That’s a good way to put it. They want the bite-size pill. You’re involved in the same experiment. That was 2011 that you had that. Several years later and you’re back into Fit to Fat to Fit again. Where are you in that experiment? What have you started to notice?
Let me first talk about why I’m doing it again. I’m sure people are wondering why would I ever do this again a second time? The first time I learned many valuable experiences. That time it was more so about me experiencing what it’s like to be overweight for the first time. Now I know what to expect. I know what I’ve learned. This time around, I’m on a mission to disrupt the fitness industry and to bring some real change because 2020 is a year of radical change. Whether you like it or not, things are changing, and I want to disrupt the fitness industry by leading with empathy first.
We’ve tried macros, diets, restricting calories, all the workouts and supplements. All that stuff does and can work. What’s not working is up here. No one cares how much you know until they know how much you care first. That’s something that I live by, and that’s what Fit to Fat to Fit is all about. If we can bring some empathy to the fitness industry, people are going to be more willing to what the influencers, the leaders, the doctors, the trainers, the coaches have to say because they want to feel understood first. My focus is more on the mental and emotional side, helping people overcome trauma and challenges connected to emotional eating and food addiction.
We are trying to look for the simple pill like, “What diet should I do to lose the most amount of weight with the least amount of effort? What’s the easiest way to do it? What pill should I take?” versus “Let’s go back and face this trauma. Let it go, release it and from there be free of these addictions that have been holding us back because we can’t figure out why we keep sabotaging and going back to our old patterns, our old thinking, our old programming.” For me, it’s a different approach. Calories, macros, workouts matter, but my approach is all about focus on the mental and emotional side first. Doing it a second time in 2020 is a vehicle to bring empathy to the fitness industry.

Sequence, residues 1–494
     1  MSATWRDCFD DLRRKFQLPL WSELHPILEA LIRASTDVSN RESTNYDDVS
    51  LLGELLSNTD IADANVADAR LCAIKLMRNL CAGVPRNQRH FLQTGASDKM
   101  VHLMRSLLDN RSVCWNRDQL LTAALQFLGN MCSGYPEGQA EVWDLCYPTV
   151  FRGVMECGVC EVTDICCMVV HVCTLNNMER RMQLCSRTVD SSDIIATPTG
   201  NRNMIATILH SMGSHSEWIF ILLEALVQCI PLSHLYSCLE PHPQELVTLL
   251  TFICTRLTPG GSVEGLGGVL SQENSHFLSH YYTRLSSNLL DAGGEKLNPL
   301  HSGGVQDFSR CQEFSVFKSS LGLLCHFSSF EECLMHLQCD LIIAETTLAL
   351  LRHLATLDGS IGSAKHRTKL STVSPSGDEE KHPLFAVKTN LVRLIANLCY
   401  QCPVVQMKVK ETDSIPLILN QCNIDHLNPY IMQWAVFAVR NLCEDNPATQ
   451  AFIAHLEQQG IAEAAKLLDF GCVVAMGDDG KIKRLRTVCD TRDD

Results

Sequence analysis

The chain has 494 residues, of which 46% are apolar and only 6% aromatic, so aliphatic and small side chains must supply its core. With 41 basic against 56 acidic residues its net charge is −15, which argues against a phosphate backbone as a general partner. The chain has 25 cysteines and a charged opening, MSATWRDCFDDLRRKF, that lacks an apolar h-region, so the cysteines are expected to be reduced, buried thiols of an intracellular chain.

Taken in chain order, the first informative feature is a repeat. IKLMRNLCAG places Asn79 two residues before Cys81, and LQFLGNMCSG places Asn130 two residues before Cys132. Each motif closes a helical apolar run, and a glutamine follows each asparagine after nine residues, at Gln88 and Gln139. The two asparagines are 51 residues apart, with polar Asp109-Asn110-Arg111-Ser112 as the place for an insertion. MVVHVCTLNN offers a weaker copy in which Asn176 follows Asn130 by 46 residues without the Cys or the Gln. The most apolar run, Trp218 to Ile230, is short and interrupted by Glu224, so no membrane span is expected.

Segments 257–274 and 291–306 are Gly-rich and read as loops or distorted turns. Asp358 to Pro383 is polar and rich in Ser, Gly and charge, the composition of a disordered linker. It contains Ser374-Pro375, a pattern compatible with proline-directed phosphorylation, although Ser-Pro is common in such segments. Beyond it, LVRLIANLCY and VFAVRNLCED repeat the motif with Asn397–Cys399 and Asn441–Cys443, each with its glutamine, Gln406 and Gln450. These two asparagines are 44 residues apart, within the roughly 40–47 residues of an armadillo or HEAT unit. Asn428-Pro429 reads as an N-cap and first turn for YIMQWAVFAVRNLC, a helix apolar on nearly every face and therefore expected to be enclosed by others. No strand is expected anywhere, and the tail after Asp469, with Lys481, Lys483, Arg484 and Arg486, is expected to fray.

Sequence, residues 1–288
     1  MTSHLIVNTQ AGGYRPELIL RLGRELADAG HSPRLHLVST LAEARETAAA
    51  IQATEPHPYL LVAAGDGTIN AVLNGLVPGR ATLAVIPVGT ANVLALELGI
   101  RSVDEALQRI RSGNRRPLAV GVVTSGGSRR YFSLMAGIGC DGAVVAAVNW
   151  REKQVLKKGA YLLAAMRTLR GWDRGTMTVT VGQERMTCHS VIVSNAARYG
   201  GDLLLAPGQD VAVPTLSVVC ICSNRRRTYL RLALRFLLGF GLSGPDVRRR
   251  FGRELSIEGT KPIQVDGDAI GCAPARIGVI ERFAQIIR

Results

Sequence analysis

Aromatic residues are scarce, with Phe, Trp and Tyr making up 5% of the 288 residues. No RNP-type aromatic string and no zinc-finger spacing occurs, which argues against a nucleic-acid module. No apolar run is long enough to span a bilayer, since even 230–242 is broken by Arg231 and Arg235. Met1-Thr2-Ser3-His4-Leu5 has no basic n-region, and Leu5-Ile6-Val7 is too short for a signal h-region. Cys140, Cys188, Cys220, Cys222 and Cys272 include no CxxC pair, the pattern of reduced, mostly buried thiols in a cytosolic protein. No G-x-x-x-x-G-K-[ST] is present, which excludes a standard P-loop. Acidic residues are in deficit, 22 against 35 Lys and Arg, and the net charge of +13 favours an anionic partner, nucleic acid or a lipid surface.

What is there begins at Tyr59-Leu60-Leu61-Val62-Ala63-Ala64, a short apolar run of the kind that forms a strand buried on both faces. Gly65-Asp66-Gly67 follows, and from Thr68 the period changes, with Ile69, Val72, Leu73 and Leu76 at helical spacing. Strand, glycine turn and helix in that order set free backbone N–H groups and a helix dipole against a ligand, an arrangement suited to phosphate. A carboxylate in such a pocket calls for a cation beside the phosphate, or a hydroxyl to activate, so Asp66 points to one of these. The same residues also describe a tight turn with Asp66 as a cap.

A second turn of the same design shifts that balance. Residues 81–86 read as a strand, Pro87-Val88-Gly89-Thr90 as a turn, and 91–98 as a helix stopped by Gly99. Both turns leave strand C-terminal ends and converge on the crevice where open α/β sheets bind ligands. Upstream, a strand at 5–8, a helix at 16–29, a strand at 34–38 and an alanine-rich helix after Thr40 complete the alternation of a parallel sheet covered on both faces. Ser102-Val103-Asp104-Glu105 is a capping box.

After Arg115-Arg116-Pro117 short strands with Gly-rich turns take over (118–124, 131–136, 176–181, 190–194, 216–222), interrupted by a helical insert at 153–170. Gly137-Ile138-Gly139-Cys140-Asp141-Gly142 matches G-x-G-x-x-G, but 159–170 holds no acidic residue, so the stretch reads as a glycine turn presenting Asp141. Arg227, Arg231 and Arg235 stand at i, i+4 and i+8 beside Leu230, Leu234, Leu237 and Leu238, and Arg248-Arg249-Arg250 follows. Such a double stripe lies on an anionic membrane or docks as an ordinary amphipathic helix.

The second reason I’m doing it is because I’m turning 40. Back when I was 31 in 2011, it’s different metabolism and hormones. We all know or people have told us, “When you get older, it’s harder to lose the weight. Your hormones and metabolism change. It’s way harder.” I’m like, “I hear that. Let’s put that to the test. Let’s do that together. I’ll let myself go for four months, August 27th through December 27th, and come January 2021, let’s do this journey together. I will do it as a 40-year-old to give that age group some hope and say, “I’m here with you. I will hold your hand. All of us will do it together as a team, as a community, but this time around it’s about shifting our perception of what success looks like.”
Instead of focusing on, “I want to get skinny. I want to get the six pack. I want to get the muscles, in hopes that that will make me happy and solve all my problems, then I’ll love myself. People will love and respect me.” It’s about learning to let go of what success looks in the fitness industry and shift your perception of what success looks, and realize that it’s about letting go of the results and falling in love with the process because you are worth it. You are now operating at a place of self-love versus self-hate or hating yourself to skinny. Letting go of that and realize that it’s all about the climb like Miley Cyrus said, it’s not about getting to the top and saying, “Once I have this body, this car, this much money, then I can be happy, relax and love myself. Until then, I’ll hate myself and if I don’t get those results, then it’s not worth it and I’m a failure.” It’s time to break that old programming. That’s what Fit 2 Fat 2 Forty, which is my second journey, is all about.
I think you nailed it in many ways. Do you think that the fitness industry has contributed to this self-loathing behavior?
One hundred percent. It’s the whole diet culture of you’re not of worth and you’re not valued in our society unless you look a certain way. I see it all the time in the fitness industry. People are judged and shamed all the time because they don’t look a certain way. Even when I was at 8% body fat, “You have skinny calves. You’re not even 8% body fat.” There’s all this hate out there because it’s all about body image. We think our body image is way more important than any other thing in this world. That’s why people are shamed and shamed themselves because at some point in time, they bought into this myth that, “Someone made fun of me because I’m a little bit overweight,” or “Someone made fun of me because I look weird or I look different.”